A recent study conducted by The Institute of Tropical Medicine in Antwerp, Belgium compared a routine clinic-based urine test through a regular cup with home-collected urine samples through Novosanis’ easy-to-use first-void urine capturing device, Colli-Pee for detection of various sexually transmitted infections (STIs) (1).
Urine samples were collected from Men who have sex with Men (MSM) Pre-exposure prophylaxis (PrEP) users, and tested for the presence of Chlamydia trachomatis (CT), Neisseria gonorrhoeae (NG), Mycoplasma genitalium (MG) and Trichomonas vaginalis (TV) using molecular amplification assays. A total of 464 home-collected urine samples were analysed and compared to its equivalent clinic-based samples at three intervals over 18 months.
A high correlation was found between clinic-based and home-collected urine samples for CT, NG, and MG while TV was not detected in any of the samples. 11 new STI infections were detected only in home samples and were not reported in the equivalent clinic-collected sample, highlighting the importance of first-void, and not a random urine sample in STI detection. Previous studies have also demonstrated that first-void urine significantly improves diagnostic sensitivity of STIs as it contains more DNA and RNA particles well as other analytes than other fractions such as a random or midstream urine sample (2;4).
Even though the study is limited to a specific target group, it shows that postal delivery and home-based collection through a first-void capturing device like Colli-Pee positively influences the quality of STI testing, offering the ability to reach a wider population, especially high-risk individuals or participants that are reluctant to access traditional STI health services. A study in France showed that home-based sampling over the internet increased frequency of Chlamydia screening by three times in young people (3), further demonstrating the potential of home testing and eHealth methodologies. Performing a test independently at home also means results can be made available to a physician at the time of the first consultation, improving patient flow as well as allowing treatment to begin immediately. These approaches could dramatically influence the way STIs are screened for and detected in the future.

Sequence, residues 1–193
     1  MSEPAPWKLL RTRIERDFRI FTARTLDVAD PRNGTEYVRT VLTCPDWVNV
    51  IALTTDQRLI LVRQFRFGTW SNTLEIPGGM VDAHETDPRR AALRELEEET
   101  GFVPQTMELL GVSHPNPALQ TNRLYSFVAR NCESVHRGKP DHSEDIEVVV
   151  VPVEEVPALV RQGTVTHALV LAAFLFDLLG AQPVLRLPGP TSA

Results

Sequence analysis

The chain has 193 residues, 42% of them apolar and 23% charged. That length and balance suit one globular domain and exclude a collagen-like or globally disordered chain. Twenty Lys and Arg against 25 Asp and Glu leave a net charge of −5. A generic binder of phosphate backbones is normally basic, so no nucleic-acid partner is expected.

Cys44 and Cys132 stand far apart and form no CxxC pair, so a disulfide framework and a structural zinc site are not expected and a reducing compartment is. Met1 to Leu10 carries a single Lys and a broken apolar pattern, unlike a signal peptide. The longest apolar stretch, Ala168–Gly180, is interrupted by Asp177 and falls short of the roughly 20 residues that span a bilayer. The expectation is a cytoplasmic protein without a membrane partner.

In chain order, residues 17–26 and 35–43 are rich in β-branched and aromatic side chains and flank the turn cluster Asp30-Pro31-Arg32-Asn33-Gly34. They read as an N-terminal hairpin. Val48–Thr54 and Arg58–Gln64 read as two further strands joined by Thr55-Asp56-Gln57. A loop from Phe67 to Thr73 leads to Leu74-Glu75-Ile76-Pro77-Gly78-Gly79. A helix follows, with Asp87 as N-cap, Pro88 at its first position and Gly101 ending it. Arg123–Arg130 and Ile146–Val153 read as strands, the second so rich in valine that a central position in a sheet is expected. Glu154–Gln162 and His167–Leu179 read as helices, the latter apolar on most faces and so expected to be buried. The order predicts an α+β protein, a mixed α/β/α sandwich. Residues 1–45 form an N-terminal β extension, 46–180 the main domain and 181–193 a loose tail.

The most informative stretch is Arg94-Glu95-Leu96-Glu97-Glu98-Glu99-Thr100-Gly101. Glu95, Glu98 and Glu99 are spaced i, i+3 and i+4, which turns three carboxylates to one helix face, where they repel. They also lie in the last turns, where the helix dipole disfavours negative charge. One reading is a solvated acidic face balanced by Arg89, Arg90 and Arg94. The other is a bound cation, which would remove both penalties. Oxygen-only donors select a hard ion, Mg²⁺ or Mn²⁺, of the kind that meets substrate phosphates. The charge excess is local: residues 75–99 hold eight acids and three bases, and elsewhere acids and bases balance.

Want to know more: Find the results of the study here.
(1) De Baetselier I, Smet H, Abdellati S, De Deken B, Cuylaerts V, Reyniers T, Vuylsteke B, Crucitti T. Evaluation of the 'Colli-Pee', a first-void urine collection device for self-sampling at home for the detection of sexually transmitted infections, versus a routine clinic-based urine collection in a one-to-one comparison study design: efficacy and acceptability among MSM in Belgium. BMJ Open. 2019 Apr 3;9(4):e028145. doi: 10.1136/bmjopen-2018-028145. PubMed PMID: 30948618.
(2) Chernesky M, Jang D, Chong S, Sellors J, Mahony J. Impact of urine collection order on the ability of assays to identify Chlamydia trachomatis infections in men. Sex Transm Dis. 2003 Apr;30(4):345-7. PubMed PMID: 12671557.
(3) Kersaudy-Rahib D, Lydié N, Leroy C, March L, Bébéar C, Arwidson P, de Barbeyrac B. Chlamyweb Study II: a randomised controlled trial (RCT) of an online offer of home-based Chlamydia trachomatis sampling in France. Sex Transm Infect. 2017 May;93(3):188-195. doi: 10.1136/sextrans-2015-052510. Epub 2017 Apr 4. PubMed PMID: 28377422.
(4) Pattyn J, Van Keer S, Biesmans S, Ieven M, Vanderborght C, Beyers K, Vankerckhoven V, Bruyndonckx R, Van Damme P, Vorsters A. Human papillomavirus detection in urine: Effect of a first-void urine collection device and timing of collection. J Virol Methods. 2019 Feb;264:23-30. doi: 10.1016/j.jviromet.2018.11.008. Epub 2018 Nov 16. PubMed PMID: 30452931.